Finally, the impact goes far beyond the impact on individuals – closing U.S.-based commissaries would impact the functionality of the commissary program. The base commissaries are a network of 247 stores, some of which are quite large and are high volume. This gives DeCA negotiating power when making purchases. Reducing the number of commissaries reduces DeCA’s bargaining power, reducing the discounts they can achieve when making bulk purchases. The high-volume stores also help subsidize the lower-volume stores, helping reduce the costs of maintaining those stores. In other words, closing the profitable stores may not have the anticipated long-term impact the government is seeking.

Alternatives to Closing U.S. Base Commissaries

Closing commissaries is only one option on the table. There are other possibilities being examined, including increasing the surcharge from 5%-10%. While this seems like a huge increase on the surface, commissary prices are about 30% lower than other stores, making a 5% increase much more affordable to shoppers than closing the stores outright. Some experts estimate a 5% increase in the surcharge to cost a family of four less than $500 a year, bringing family savings to $4,000 or more a year.

Another option is increasing the costs of food and goods worldwide to reduce the deficit and help defray the costs of shipping goods overseas. A third option mentioned includes introducing new goods to sell for a profit, including some items not currently sold at commissaries, such as wine, beer and beauty supplies.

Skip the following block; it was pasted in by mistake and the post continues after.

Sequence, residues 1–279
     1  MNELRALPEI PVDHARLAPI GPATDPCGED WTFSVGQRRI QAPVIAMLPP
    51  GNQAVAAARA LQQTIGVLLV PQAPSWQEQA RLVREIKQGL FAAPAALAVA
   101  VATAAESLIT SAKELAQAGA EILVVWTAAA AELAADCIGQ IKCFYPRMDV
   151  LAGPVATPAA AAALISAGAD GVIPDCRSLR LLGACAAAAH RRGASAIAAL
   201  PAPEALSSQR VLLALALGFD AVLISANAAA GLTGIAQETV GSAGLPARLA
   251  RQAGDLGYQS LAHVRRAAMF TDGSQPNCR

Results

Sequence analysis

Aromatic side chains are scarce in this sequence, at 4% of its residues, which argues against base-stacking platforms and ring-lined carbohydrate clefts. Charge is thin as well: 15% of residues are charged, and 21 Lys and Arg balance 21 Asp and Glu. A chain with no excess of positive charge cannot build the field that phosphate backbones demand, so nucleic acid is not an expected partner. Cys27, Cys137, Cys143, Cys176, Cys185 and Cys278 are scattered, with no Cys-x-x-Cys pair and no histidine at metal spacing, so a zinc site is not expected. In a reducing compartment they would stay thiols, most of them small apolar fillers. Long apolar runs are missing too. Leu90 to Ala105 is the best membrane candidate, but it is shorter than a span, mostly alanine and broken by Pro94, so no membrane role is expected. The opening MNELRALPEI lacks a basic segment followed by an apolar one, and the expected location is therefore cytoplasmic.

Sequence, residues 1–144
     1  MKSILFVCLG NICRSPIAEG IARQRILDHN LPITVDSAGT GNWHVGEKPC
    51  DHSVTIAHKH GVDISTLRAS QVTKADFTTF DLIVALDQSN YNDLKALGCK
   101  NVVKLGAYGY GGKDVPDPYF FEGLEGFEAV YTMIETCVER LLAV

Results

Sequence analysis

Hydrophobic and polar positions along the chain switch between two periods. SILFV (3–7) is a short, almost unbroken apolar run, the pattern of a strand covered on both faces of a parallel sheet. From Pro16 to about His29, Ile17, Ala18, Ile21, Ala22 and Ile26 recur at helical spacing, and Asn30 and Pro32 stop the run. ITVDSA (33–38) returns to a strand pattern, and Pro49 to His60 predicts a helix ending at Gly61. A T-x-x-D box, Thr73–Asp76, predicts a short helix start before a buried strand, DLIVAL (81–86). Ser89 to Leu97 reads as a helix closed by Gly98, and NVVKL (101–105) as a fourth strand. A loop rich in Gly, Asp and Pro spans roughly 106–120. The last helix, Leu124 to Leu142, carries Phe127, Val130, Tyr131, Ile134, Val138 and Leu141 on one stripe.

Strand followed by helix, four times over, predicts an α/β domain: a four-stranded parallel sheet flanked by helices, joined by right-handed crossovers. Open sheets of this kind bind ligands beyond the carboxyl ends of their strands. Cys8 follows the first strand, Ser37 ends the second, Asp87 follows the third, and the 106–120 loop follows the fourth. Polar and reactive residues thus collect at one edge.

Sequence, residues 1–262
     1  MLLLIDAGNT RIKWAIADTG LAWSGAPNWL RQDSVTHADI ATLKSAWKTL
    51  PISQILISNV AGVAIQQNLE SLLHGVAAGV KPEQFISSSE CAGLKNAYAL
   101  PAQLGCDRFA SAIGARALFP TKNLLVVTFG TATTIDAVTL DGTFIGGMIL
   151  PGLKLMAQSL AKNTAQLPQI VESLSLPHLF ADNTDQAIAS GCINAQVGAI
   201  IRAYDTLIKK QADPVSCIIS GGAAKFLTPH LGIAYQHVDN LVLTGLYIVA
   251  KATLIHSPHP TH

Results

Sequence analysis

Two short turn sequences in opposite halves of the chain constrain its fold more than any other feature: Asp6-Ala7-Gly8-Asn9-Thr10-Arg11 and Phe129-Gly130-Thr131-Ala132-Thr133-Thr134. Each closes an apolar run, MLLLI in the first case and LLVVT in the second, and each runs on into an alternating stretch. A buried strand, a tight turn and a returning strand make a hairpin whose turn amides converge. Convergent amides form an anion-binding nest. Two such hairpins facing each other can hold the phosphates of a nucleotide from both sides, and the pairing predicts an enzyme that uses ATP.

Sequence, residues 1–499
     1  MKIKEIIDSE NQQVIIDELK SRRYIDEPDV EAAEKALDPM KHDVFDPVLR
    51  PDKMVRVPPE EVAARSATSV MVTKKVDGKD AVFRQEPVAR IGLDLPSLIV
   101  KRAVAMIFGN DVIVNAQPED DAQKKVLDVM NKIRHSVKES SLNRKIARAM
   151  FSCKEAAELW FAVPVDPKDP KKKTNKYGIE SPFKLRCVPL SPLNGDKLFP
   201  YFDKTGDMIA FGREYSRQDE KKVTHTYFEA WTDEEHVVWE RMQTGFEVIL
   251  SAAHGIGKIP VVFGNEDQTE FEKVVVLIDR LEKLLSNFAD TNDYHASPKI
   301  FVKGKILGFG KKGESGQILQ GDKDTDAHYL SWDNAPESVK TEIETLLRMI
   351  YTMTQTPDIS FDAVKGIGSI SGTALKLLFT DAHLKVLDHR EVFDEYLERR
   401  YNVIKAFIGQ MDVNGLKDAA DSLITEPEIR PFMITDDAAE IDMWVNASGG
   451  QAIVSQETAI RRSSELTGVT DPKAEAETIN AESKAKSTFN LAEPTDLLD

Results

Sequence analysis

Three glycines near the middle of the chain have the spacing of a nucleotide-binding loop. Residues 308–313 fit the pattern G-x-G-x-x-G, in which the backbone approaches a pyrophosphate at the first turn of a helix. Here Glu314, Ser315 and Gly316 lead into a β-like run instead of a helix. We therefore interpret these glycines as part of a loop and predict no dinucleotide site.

What Will Happen Next?

At this point, there has been a call for DeCA to create a plan to close U.S. commissaries, but the plan has yet to be completed or approved. If it is approved, it would likely be part of the 2015 budget proposal, which would put it a year out before we would see any action taken on this front. Even then, it would likely take several months to see closures take place.

The commissaries are a huge part of the military and retiree community. It would be a shame to see them close. Hopefully, DeCA and the DoD will arrive at some alternative solution(s) to keep the commissary doors open.

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  1. Kimberly says

    Thank you, Ryan, for breaking it down into simple terms. I am a retiree dependent spouse and work for DeCA overseas in Guam. Although we are not on the chopping block, to say, we know deeply what this means to our commrades back home. I have friends all over the US, active duty and retired. The feelings are mixed on the subject, depending on where they are located and the distances to the closest commissary. It’s such a delicate subject. Thank you for presenting the information objectively. Let us hope for the best.

  2. Mel M. says

    All in all a well written and informative piece…numbers aside as those can be skewed to favor one side’s argument.

    I would have to echo Bob’s comments though that military and veterans’ benefits seem to be under constant assault from elected officials (so called lawmakers with an overwhelming majority having not served in the U.S. Armed Forces) without a corresponding belt tightening on their behalf. The recently proposed bipartisan budget deal threatens to significantly slash retirement benefits for current and future military retirees, proposing to cut the annual Cost of Living Adjustment (COLA) for military retirees by 1 percent a year until reaching age 62. While 1% may seem trivial, the resulting dollar figures can be staggering when one factors in compounding over a 20 year period.

    In addition to affordable healthcare at retirement, a COLA-adjusted retirement/pension is what makes 20+ years in military service (and the sacrifices associated with it) attractive…not to mention the pride in knowing you are serving your country and making a difference. These politicians are chipping away ever so diligently at those well earned and “promised” benefits.

    Where and when will the assault at military and veterans’ benefits stop?